Another form of micronutrient that is essential for growth and development during this period is the vitamin group, a family of compounds which as their name suggests, has essential roles in maintaining the health of growing tissues. In a similar way to minerals, vitamins are found in trace amounts in most foods, but despite this, are no less important than macronutrients. In fact, like minerals, vitamins help macronutrients to be metabolised properly and regulate a host of tissue functions.
The growing infant requires a daily supply of vitamins, which during weaning, can be obtained from fruits, vegetables, meat, dairy and cereals. The more diverse the complementary foods that are chosen during these stages, the more varied will be the range of vitamins that can be provided. Breastmilk provides most vitamins, including both the water-soluble and fat-soluble varieties in an easily digested form.
Vitamin A and carotenoids
Vitamin A is essential for the growth and division of cells. It is particularly important in visual development (also called retinol, because of its abundance in the retina), skin health and maturation of the immune system. It is one of the most crucial vitamins during an infant’s early life, with deficiency presenting a major nutritional problem in developing countries. Complementary foods that include eggs, colourful vegetables (e.g. carrot, corn, sweet potato) and fruits (e.g. banana, mango, papaya, apple), provide retinol together with a host of natural carotenoids such as betacarotene, lycopene and xanthenoids, which accumulate for a longer period and are converted to vitamin A (retinol) on demand.
Infants require vitamin D for calcium metabolism and absorption from the intestine. A dietary shortage of vitamin D causes improper bone formation and rickets, a condition that results in bending of the long bones due to the inadequate absorption of calcium. This was common in the early 1900s although it is rare in industrialised countries nowadays. Vitamin D is supplied by the diet in animal products, as well as through exposure to sunlight which causes vitamin D to be manufactured in the skin although, similar to adults, experts recommend limiting sunlight exposure for infants.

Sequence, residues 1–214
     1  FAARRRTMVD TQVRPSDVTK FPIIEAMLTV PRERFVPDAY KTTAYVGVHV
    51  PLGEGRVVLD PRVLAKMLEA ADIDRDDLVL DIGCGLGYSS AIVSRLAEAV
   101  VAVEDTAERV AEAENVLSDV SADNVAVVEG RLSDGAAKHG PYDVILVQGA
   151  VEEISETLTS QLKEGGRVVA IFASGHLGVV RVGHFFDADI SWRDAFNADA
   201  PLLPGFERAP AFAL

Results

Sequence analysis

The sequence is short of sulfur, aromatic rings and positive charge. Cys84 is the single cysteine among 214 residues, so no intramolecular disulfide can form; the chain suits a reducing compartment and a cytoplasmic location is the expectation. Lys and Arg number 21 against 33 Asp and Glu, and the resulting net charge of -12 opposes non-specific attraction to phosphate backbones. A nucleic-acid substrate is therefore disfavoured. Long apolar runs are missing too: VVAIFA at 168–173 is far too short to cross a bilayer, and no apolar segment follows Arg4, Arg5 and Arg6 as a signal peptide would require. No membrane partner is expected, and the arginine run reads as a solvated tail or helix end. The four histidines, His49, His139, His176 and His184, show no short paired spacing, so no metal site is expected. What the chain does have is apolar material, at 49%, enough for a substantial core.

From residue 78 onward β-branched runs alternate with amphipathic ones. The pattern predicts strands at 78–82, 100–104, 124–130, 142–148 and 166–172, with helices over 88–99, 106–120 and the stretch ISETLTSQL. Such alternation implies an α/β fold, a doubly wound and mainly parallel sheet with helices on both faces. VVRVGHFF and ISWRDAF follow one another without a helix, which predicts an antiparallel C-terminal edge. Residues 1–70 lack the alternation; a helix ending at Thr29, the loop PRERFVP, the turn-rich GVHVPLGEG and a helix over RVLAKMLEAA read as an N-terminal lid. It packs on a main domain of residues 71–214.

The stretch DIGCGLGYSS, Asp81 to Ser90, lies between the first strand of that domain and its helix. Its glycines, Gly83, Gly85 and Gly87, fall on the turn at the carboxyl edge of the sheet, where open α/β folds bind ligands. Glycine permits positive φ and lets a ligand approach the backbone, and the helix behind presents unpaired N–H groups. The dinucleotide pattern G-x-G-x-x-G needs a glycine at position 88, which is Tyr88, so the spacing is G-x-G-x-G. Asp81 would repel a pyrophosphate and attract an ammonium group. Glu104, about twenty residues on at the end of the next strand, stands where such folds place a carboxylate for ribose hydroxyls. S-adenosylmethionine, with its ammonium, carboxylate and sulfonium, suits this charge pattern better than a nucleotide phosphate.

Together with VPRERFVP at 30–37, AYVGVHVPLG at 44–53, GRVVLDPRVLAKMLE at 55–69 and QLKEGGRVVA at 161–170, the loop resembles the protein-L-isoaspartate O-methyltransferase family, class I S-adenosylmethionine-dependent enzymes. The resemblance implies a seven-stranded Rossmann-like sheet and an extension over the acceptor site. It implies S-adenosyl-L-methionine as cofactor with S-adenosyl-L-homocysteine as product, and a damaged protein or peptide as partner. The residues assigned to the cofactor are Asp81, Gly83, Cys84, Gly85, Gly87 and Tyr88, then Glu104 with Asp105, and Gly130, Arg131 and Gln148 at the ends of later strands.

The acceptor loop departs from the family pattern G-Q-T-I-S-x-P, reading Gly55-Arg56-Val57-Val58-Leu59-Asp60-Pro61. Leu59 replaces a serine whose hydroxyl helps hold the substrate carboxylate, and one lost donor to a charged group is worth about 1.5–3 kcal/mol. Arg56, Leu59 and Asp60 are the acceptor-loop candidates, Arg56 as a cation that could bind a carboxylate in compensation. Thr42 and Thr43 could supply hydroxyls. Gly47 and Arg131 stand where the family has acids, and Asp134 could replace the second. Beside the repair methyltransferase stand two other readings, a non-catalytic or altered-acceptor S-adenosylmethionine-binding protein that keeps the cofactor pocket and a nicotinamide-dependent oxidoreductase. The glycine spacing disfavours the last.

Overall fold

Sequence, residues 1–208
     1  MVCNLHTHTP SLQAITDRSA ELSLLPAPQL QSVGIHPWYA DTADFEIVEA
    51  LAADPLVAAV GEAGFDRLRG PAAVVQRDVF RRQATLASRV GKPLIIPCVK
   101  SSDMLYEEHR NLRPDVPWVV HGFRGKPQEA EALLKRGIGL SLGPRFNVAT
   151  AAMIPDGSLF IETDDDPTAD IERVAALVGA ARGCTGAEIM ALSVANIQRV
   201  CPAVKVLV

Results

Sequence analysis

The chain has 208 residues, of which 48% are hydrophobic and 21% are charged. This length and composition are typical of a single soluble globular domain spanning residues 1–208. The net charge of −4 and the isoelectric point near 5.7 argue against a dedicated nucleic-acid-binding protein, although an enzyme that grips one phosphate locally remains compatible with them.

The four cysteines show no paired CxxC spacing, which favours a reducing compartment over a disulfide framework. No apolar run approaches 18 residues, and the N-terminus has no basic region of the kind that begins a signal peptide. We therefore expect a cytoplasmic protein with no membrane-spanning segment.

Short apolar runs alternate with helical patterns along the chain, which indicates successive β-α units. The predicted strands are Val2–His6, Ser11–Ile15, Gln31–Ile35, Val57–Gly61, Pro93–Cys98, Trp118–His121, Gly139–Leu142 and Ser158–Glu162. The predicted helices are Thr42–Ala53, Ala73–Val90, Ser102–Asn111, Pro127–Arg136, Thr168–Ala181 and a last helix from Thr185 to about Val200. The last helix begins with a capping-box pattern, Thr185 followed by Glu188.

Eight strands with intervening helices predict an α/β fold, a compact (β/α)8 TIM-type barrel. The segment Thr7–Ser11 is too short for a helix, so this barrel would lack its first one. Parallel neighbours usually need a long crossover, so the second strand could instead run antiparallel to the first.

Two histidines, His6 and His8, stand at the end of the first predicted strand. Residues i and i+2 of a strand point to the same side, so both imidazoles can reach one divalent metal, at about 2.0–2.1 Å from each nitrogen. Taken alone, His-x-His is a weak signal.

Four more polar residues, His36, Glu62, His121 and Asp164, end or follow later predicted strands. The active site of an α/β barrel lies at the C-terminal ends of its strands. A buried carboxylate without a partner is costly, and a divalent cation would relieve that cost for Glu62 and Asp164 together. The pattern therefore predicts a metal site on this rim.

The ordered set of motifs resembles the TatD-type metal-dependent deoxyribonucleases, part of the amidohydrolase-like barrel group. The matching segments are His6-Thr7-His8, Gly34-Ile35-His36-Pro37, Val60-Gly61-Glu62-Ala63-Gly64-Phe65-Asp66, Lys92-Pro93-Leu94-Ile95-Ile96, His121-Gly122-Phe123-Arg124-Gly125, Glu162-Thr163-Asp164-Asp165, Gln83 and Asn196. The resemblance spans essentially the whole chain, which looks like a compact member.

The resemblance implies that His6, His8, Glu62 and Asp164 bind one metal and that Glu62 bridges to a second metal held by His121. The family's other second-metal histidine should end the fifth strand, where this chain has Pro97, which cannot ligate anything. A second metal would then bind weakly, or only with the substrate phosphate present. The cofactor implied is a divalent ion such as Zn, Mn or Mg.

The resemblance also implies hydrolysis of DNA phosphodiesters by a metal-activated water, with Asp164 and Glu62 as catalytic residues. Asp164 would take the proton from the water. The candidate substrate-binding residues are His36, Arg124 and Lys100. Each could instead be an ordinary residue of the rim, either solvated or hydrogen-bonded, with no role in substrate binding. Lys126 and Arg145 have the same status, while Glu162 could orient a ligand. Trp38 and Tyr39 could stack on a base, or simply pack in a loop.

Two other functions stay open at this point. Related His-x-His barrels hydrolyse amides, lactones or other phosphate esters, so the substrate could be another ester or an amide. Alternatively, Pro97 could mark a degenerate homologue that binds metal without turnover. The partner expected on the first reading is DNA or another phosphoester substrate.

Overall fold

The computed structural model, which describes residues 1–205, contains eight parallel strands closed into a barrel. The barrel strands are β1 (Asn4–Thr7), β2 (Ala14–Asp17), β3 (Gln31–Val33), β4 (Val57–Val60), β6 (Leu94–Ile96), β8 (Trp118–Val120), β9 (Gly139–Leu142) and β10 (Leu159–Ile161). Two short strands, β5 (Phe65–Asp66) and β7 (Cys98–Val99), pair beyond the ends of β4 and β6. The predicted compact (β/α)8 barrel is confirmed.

Breastmilk of well-nourished mothers as well as infant formula are major sources of vitamin C. During weaning, vegetables (e.g. tomatoes, corn, potatoes) and fruits (e.g. citrus fruits, mango, and strawberries) also provide significant quantities of vitamin C to the developing infant. In the body, vitamin C contributes to forming connective tissue, maintaining blood vessels, bones and teeth through the formation of collagen, as well as aiding the immune system. The body cannot make vitamin C, so it is an important daily dietary vitamin.
The B-vitamins are a group of eight compounds collectively called the B-complex or B-group. They are comprised of thiamine (B1), riboflavin (B2), niacin (B3), pantothenic acid (B5), pyridoxine (B6), biotin (B7), folate (B9) and cobalamin (B12). Each of these vitamins has unique functions in the infant’s body although collectively, they are involved in the production of energy and cellular metabolism, so they work together with carbohydrates and fats. In infants, all B-vitamins are important, however vitamin B12 is of particular interest as birth stores are generally low by around 8 months of age, and levels need to be replenished through foods such as meat and poultry.
Providing a varied diet of complementary foods with breast and/or formula milk to 12 months should provide infants with all the nutrients they need for growth and development. Vitamins have essential roles in specific processes of development and ongoing health.
- United States Department of Agriculture (2009). Infant nutrition and feeding: A guide for use in the WIC and CSF programs. Special supplemental Nutrition Program for women, infants and children
- Leaf et al., 2007. Vitamins for babies and young children. Arch Dis Child. 2007 Feb; 92(2): 160-164. https://www.ncbi.nlm.nih.gov/pmc/articles/PMC2083301/